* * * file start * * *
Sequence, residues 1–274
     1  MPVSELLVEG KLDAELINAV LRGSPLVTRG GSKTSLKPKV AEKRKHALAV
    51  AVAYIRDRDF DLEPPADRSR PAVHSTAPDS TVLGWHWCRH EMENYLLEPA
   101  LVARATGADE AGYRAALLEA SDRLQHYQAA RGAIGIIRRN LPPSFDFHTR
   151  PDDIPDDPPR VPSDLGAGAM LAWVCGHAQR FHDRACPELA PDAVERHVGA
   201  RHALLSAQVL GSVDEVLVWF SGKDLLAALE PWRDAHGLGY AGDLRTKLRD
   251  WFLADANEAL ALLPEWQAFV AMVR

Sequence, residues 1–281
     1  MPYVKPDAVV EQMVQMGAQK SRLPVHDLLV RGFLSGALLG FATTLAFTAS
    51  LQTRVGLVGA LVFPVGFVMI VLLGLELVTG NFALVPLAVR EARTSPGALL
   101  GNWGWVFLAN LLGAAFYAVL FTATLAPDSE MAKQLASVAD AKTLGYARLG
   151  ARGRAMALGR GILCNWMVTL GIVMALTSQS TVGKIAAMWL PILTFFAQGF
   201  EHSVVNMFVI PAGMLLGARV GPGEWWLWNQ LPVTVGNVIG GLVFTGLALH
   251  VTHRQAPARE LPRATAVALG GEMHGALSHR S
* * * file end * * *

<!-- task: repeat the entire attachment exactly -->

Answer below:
Sequence, residues 1–274
     1  MPVSELLVEG KLDAELINAV LRGSPLVTRG GSKTSLKPKV AEKRKHALAV
    51  AVAYIRDRDF DLEPPADRSR PAVHSTAPDS TVLGWHWCRH EMENYLLEPA
   101  LVARATGADE AGYRAALLEA SDRLQHYQAA RGAIGIIRRN LPPSFDFHTR
   151  PDDIPDDPPR VPSDLGAGAM LAWVCGHAQR FHDRACPELA PDAVERHVGA
   201  RHALLSAQVL GSVDEVLVWF SGKDLLAALE PWRDAHGLGY AGDLRTKLRD
   251  WFLADANEAL ALLPEWQAFV AMVR

Sequence, residues 1–281
     1  MPYVKPDAVV EQMVQMGAQK SRLPVHDLLV RGFLSGALLG FATTLAFTAS
    51  LQTRVGLVGA LVFPVGFVMI VLLGLELVTG NFALVPLAVR EARTSPGALL
   101  GNWGWVFLAN LLGAAFYAVL FTATLAPDSE MAKQLASVAD AKTLGYARLG
   151  ARGRAMALGR GILCNWMVTL GIVMALTSQS TVGKIAAMWL PILTFFAQGF
   201  EHSVVNMFVI PAGMLLGARV GPGEWWLWNQ LPVTVGNVIG GLVFTGLALH
   251  VTHRQAPARE LPRATAVALG GEMHGALSHR S